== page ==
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A Workshop to Commemorate the Career of Professor Archie Campbell, held at University of Cambridge

A Workshop to Commemorate the Career of Professor Archie Campbell, held at University of Cambridge

October 5, 2007 (H7).  The “Campbell Conference” was held at the Department of Engineering, Christ’s College and Corpus Christi College on 11th to 13th September 2007 - to celebrate the career of Professor Archie Campbell, who retired from the Department of Engineering, University of Cambridge, on 30th September2007.  The conference was organized under the joint chairmanship of David Cardwell (University of Cambridge), Harald Weber (ATI, Vienna) and David Larbalestier (University of Florida). Professor Campbell made significant contributions to studies of flux pinning in type II superconductors, ac losses and understanding the critical state in superconducting materials during his life-long and distinguished career in the field, which spanned over 40 years. He pioneered the so-called Campbell technique for investigating the penetration of flux in bulk superconductors and, together with late Prof. Jan Evetts, authored in 1972 the subject-defining monograph “Flux pinning in Type II superconductors” (Adv. Phys21, 199, 1972).

Fig. 1.  Archie Campbell (left) with Helmut Brandt at a break during the Conference

The conference venues represent Archie’s Cambridge career (his undergraduate and postgraduate Colleges, and his Department).  Figure 1 shows Archie (left side) at a break during the conference, listening to arguments of Dr. Helmut Brandt of Max Planck Institute in Stuttgart, Germany.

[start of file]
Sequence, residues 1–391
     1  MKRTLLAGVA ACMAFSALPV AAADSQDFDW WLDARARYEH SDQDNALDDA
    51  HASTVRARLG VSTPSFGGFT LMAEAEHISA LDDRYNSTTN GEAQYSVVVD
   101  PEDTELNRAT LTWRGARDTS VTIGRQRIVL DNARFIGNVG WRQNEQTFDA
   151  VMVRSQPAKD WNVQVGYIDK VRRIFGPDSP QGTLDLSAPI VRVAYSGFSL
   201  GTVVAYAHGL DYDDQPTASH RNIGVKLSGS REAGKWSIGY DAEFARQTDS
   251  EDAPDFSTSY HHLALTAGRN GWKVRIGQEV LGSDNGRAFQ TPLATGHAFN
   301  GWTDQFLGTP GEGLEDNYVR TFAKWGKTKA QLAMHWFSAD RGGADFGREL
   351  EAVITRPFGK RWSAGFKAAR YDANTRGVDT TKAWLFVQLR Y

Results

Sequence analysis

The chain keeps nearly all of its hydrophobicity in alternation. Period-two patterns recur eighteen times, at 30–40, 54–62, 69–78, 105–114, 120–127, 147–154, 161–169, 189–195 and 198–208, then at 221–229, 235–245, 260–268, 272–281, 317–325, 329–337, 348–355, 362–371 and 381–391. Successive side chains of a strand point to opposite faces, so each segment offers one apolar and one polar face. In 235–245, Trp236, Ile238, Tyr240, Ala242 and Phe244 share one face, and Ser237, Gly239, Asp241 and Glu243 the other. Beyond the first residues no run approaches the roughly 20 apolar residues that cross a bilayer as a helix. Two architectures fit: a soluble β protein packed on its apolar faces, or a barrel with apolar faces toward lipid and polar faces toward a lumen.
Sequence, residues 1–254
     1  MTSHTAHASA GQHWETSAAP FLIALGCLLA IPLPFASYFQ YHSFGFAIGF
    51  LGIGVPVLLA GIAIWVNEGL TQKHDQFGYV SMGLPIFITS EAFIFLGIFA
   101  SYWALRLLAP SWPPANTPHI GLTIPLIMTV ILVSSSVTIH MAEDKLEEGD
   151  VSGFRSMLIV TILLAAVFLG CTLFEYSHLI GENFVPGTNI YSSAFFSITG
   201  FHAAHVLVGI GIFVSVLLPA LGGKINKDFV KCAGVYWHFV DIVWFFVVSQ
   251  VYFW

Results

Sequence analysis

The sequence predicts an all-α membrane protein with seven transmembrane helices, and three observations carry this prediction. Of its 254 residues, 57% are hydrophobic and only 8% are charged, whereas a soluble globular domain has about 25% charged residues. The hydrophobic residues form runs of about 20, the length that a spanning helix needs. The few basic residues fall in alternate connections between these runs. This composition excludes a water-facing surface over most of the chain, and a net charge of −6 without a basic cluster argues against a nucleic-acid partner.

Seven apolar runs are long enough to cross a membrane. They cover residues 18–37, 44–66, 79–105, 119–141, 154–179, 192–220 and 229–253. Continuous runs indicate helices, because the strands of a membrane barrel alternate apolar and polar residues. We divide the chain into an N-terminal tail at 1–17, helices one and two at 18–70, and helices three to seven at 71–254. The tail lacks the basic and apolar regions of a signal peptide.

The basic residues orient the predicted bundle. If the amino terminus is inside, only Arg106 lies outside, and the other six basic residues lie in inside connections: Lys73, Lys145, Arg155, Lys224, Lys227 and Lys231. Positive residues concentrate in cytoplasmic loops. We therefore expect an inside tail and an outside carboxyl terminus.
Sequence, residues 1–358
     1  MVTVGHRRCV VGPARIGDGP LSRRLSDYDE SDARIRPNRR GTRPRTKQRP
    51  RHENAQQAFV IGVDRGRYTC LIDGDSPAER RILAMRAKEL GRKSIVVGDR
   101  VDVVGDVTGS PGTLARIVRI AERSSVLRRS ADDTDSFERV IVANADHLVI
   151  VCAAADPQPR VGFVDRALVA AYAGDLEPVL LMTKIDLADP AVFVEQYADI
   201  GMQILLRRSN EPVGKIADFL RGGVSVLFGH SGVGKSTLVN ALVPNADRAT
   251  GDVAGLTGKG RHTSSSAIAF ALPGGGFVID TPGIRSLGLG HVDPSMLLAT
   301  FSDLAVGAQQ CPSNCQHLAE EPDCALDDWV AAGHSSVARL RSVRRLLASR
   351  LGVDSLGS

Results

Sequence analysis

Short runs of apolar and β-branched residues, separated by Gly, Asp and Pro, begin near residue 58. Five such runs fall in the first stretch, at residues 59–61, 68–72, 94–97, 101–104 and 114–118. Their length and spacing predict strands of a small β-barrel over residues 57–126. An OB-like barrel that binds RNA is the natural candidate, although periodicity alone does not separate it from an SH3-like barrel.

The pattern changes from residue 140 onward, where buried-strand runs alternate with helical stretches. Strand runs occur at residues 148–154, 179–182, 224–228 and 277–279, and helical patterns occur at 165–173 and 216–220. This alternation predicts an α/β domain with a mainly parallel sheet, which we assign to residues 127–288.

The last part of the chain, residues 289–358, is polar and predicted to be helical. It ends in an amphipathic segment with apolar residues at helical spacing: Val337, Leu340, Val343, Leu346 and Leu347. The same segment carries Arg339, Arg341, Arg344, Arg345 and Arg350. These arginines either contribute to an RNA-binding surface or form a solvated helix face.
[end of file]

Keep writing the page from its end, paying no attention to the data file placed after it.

The central theme of the Campbell conference was flux pinning in type II superconductors (Archie's Ph.D. project!), and included materials, properties and applications of all forms of superconductor. More than 70 colleagues from around the world attended the conference, and every continent was represented. The program consisted of 27 invited lectures within the conference themes, including a guest lecture of the Cambridge Philosophical Society (given by Professor David Larbalestier of the High Field Magnet laboratory, University of Florida).

The proceedings, including most lectures, were published as a special edition ofSuperconductor Science and Technology, volume20, No. 9, (2007),and presented formally to Archie at the conference dinner.

Highlights of the conference included reports of significant progress in the development of characterisation techniques of type II superconductors, such as flux line imaging (Kes, University of Lieden), new processing techniques for engineering of nanoscale flux pinning sites (Driscoll, Cambridge and Matsumoto, Kyushu), recent studies of critical current density (Gurevich, Florida and Durrell, Cambridge), state of the art coated conductor technology (Freyhardt, Gottingen and Amemiya, Yokohama) and ac losses in type II materials (Majoros, Ohio).   The complete program of this successful conference can be viewed at: